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The Most Distant Known Quasar In The Universe: ULAS  J112001.48+064124.3


Some galaxies like our very own Milky Way seem to be in a dormant state, existing in a seemingly quiet epoch of the Universe. However, what lies at the centre of our Galaxy reveals our not so distant past: our Galaxy was most likely to be active due to the accretion of gas and dust onto the central super massive black hole (SMBH) (Lynden-Bell 1969; Antonucci 1993). This accretion can power certain galaxies to emit very high-energy photons, known as active galaxies. There is no real phenomenological distinction between quasars and active galactic nuclei. They are both believed to be powered by the same accretion processes, where the distinction comes that a quasar is considered to be a distant object. The issue of the activity of nuclei of galaxies (AGN) was first raised by the Armenian physicist Victor Ambartsumian in the early 1950s. However, it wasn’t until the discovery of 3C 273 in 1959, the first confirmed of the quasi-stellar class, that the paradigm of active galactic nuclei was taken with less skepticism.

Since the late 1950s many objects resembling quasars and radio galaxies have been observed. Many have been observed locally, with redshifts equalling z ~ 0.5. But it wasn’t until the Hubble Space Telescope and other modern space telescopes that the super distant objects, such as ULAS  J112001.48+064124.3, were detected with redshifts of  z > 6.   The quasar ULAS  J112001.48+064124.3 was fi rst identifi ed in the United Kingdom Infrared Telescope (UKIRT) Infrared Deep Sky Survey (UKIDSS) (Lawrence et al. 2007) and published in the Eighth Data Release back in September of 2010, where follow-up observations confirmed it as a quasar with a redshift of z ≥ 6.5 (Mortlock et al. 2011).

In November of 2010 a spectrum was obtained for ULAS J112001.48+064124.3 using the Gemini Multi-Object Spectrograph on the Gemini North Telescope. The absence of significant emission blueward of a sharp break at the λ = 0.98 μm wavelength confirmed that ULAS J112001.48+064124.3 was indeed a quasar with a redshift of z ~ 7.08. With that tentative figure in mind and assuming that the standard model of cosmology (Dunkley et al. 2009) is the most correct (i.e. a flat Universe with a Hubble parameter of  at the present epoch) that would mean the light we are seeing from ULAS J112001.48+064124.3 has taken 12.9 billion years (Gyr) to reach us, starting it’s journey when the Universe was as little as 0.77 billion years old.

Further spectroscopic observations of ULAS J112001.48+064124.3 were made using the FOcal Reducer/Low Dispersion Spectrograph 2 (FORS2) on the Very Large Telescope (VLT) Antu and the Gemini Near-Infrared Spectrograph (GNIRS) on the Gemini North Telescope. The spectrum obtained of ULAS J112001.48+064124.3 shows remarkable similarity to lower redshift quasars of comparable luminosity, and comparison to a rest-frame template spectrum (Hewett & Wild 2010) over the wavelength range including the strong Si [III]+C [III] and Mg[II] emission features yielding an accurate redshift of z = 7.085±0.003. The most unusual feature of the spectrum is the 2800±250 km s-1 blueshift of the C [IV] emission line, which is greater than that seen in 99.9 % of z ≳ 2 quasars (Richards et al. 2011). There is associated absorption at various other spectral doublets indicating the presence of material in front of the quasar flowing out at 1100±200 km s-1. There is also a narrow absorption line at the Lyman-α emission wavelength that is consistent with a cloud of H[I] gas close to the quasar.  Aside from its existence, the most striking aspect of ULAS J112001.48+064124.3 is the almost complete lack of observed flux blueward of its Lyman-α  emission line, which can be attributed to absorption by H[I] along the line of sight.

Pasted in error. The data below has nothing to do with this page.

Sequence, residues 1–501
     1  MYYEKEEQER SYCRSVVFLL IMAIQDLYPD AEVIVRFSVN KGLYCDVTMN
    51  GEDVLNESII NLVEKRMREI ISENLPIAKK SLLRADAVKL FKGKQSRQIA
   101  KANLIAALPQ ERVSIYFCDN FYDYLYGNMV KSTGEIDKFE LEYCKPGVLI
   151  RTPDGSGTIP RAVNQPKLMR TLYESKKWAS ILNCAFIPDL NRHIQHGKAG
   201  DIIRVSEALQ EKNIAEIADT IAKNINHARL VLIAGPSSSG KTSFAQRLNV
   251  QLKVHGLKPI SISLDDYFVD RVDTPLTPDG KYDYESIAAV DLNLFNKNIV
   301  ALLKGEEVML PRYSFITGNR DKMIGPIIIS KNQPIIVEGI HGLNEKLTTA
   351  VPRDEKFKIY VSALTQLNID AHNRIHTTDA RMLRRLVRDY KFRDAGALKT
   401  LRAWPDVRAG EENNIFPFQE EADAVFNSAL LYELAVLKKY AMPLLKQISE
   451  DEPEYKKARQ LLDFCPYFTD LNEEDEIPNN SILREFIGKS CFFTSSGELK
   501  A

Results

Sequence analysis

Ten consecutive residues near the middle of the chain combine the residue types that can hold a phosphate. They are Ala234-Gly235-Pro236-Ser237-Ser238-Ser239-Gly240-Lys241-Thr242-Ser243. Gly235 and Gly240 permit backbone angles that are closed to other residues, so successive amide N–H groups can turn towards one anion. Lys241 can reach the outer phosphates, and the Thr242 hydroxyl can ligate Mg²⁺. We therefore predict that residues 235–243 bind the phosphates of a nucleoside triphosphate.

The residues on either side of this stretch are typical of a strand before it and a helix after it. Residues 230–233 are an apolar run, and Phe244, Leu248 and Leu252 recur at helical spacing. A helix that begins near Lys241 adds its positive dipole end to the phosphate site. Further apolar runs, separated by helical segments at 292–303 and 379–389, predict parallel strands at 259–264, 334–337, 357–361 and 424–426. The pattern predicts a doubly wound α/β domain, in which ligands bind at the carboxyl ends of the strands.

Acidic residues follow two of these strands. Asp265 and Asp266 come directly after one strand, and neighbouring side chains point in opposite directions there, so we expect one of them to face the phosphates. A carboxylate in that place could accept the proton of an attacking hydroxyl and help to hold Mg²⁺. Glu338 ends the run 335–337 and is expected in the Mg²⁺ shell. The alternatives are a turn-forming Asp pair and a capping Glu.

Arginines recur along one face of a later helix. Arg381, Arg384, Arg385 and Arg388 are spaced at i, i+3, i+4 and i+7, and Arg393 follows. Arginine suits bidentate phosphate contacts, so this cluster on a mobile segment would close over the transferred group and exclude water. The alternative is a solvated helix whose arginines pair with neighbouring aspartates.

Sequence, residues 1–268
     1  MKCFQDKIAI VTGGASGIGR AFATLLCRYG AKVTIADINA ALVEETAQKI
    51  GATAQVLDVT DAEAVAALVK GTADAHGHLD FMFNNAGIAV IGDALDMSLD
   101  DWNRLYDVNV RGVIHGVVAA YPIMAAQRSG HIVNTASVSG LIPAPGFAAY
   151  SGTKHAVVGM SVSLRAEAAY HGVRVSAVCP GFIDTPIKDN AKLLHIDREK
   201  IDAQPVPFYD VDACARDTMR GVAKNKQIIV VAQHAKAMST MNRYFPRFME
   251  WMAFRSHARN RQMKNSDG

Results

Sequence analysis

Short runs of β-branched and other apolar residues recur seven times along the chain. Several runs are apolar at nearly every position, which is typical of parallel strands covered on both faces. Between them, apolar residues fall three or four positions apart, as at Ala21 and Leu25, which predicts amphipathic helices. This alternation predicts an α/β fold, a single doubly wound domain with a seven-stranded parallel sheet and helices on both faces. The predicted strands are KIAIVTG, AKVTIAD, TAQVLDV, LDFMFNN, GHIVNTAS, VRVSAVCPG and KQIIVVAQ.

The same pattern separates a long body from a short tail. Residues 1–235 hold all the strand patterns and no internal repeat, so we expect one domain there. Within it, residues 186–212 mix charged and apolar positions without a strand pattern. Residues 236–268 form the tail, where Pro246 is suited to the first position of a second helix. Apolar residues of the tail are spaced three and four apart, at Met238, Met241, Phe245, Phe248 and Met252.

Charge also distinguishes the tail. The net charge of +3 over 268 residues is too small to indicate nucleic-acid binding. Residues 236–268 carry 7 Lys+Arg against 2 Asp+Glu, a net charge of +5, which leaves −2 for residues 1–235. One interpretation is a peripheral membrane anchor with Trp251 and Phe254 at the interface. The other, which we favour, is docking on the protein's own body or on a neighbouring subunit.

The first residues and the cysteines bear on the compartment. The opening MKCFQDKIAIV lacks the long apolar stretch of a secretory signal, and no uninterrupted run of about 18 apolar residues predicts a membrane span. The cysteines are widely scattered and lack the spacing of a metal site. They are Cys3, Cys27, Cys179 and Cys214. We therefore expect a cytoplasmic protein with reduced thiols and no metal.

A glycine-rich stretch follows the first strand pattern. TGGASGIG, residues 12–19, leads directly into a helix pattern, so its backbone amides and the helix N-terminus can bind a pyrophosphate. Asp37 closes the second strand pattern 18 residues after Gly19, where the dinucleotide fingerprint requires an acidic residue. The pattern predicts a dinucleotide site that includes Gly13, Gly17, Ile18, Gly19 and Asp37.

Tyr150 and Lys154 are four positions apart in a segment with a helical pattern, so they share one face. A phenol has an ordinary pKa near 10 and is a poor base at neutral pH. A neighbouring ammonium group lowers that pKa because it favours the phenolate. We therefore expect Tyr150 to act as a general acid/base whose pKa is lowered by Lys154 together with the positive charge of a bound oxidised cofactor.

Although this is not the highest redshift object in the Universe [The Discovery Of UDFy-38135539: Z ~ 8 In The Hubble Ultra-Deep Field], ULAS  J112001.48+064124.3 is the furthest known quasar in the Universe. Quasars are not expected to have formed so early in the galaxy, due to the current understanding of the formation of SMBHs. The light from ULAS J112001.48+064124.3 was emitted during a time period before the end of the theoretically predicted transition of the interstellar medium from an electrically neutral to an ionized state. Quasars may have been an important energy source in this process, known as reionization, which marked the end of an epoch known as the Cosmic Dark Ages, so a quasar from before the transition is of significant theoretical interest in both how it interacted with the Universe around it but also in the manner of the formation of the central SMBH engine, e.g. do they form slowly and gradually over time or do they form instantaneously at approximately the same mass that they are recorded at the present epoch? The disovery of ULAS  J112001.48+064124.3 and the subsequent research it will enable will almost certainly allow astrophysicists to shed light on these age old questions of SMBH formation.

Journal References:

  • Loeb, A; Barkana, R. (2001) The Reionization Of The Universe By The First Stars & Quasars. Annual Review: Astronomy & Astrophysics 39: pp. 19-66.
  • Mortlock, D.J.; Warren, S.J.; Venemans, B.P; et al. (2011). A Luminous Quasar At A Redshift Of z = 7.085Nature 474 (7353): pp.616–619.
  • Willott, C. (2011). A Monster In The Early UniverseNature 474 (7353): pp.583–584.


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